Family, memory, loss and loneliness; an introspective journey into understanding one’s own history.
With a love of landscapes and architecture, Andile Phewa personifies the buildings that occupy the city and captures them as he would a model. They talk to him in the same way. Capturing youth culture through style expression is a realm of documentary photography that has always been part of the artist’s practice. His relationship to the worlds he photographs stems from his work in the fashion industry. By removing the subject, Phewa places the scenery – which would once be an accompaniment – in the foreground.
Developed from his time at The Market Photo Workshop, themes of memory and absence remain part of his practice. Attempting to understand the absence of his father, he photographs the city in search of answers to questions that have plagued him since childhood. Led by instinct and retold stories, Phewa paints a picture of someone who was never really there. We walk the streets with him and we see Cape Town through his lens. We look up from a vantage point similar to that of a child looking up to the elder. The defined boxed lines of a cold building cut the sky with a vulnerable softness, and Phewa reminds us of what the city used to look like; portraits of those he once looked up to.
The buildings are still and quiet as they hide between the shadows. “Shadows are a juxtaposition of my dad not being around”.
There is an abandonment that ripples through his photographs. “Shadows are always around but end up vanishing”.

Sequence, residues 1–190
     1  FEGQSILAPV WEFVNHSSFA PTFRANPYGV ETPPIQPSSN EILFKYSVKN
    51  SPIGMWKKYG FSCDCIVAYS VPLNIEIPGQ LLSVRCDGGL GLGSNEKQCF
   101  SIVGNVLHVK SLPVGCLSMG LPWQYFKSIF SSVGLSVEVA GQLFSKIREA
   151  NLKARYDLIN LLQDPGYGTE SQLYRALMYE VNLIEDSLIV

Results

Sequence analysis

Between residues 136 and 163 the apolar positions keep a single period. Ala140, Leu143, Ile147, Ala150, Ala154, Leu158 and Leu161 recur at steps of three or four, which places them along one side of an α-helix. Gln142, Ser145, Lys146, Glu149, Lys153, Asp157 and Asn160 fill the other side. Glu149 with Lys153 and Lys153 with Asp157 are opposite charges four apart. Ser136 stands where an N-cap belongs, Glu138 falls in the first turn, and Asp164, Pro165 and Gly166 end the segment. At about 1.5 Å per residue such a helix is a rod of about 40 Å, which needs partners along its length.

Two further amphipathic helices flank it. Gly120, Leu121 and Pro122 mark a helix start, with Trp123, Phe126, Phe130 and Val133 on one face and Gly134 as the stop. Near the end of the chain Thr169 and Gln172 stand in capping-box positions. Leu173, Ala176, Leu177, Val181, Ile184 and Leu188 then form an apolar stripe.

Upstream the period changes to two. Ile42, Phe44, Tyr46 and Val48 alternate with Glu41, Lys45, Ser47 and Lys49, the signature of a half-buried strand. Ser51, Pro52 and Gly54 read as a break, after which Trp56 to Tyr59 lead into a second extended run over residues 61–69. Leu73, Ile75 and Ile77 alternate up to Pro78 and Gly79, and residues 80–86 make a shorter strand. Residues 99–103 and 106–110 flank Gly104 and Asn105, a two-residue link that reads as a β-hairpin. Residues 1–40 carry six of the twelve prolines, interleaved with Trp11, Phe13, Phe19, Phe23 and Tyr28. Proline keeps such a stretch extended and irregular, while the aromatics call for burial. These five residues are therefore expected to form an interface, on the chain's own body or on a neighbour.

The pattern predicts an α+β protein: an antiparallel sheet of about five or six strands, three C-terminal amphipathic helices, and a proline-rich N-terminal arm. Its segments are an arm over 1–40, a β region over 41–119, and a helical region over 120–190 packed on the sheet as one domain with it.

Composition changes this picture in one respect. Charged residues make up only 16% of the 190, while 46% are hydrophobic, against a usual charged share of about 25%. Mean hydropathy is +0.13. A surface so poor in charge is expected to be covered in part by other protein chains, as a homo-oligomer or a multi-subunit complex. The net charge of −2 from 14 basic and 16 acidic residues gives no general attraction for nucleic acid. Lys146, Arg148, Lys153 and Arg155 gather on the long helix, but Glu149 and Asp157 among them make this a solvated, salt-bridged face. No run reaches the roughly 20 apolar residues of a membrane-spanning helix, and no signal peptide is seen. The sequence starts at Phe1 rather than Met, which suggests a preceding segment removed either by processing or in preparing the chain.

And all we are left with is space. Space shown in the wide landscapes and small lettering of company logos. Space that “shows the vastness of how neglect feels”.
Shooting on film eliminates the opportunity for do-overs. Each frame is considered and captured with purpose. The scenes are quiet, undisturbed, and revisited before photographed. But this is where the control ends. Phewa plays in the field of ultimate risk developing and scanning at the local1-hour photo lab. The result is a nostalgia induced chemically exhausted colour palate that accentuates clean stark contrasts, favouring the darkest tones in the natural hue of the city. The discolouration of dulled greens and pale pinks – which could be aided by the single Ultramax 400 roll that expired thirteen years prior – give the newly digitised images a modern retro-like filter, consistent with the vintage appeal of current pop culture.
The artist sets out to create his own visual family photo album – an intimate and personal document of a piece of his history he knows little about. Since becoming a father, there is an urge to understand and learn from this lost patriarch, whose absent space is reflected in the sparse parking lots and motionless bus stops. He sees his relatives reflected in windows and his daughter in the unaccompanied streetlight – standing tall against skidded clouds – brightening his way. Geometrical man-made objects symmetrically balance the frame while slightly obscuring the washed blue sky. With no clear landmarks or timestamps, the images have the ability to exist in any time and space.
To get in touch in touch with Andile and order a print or to shoot your next campaign email him on firstname.lastname@example.org or follow him on @andile_phewa on Instagram.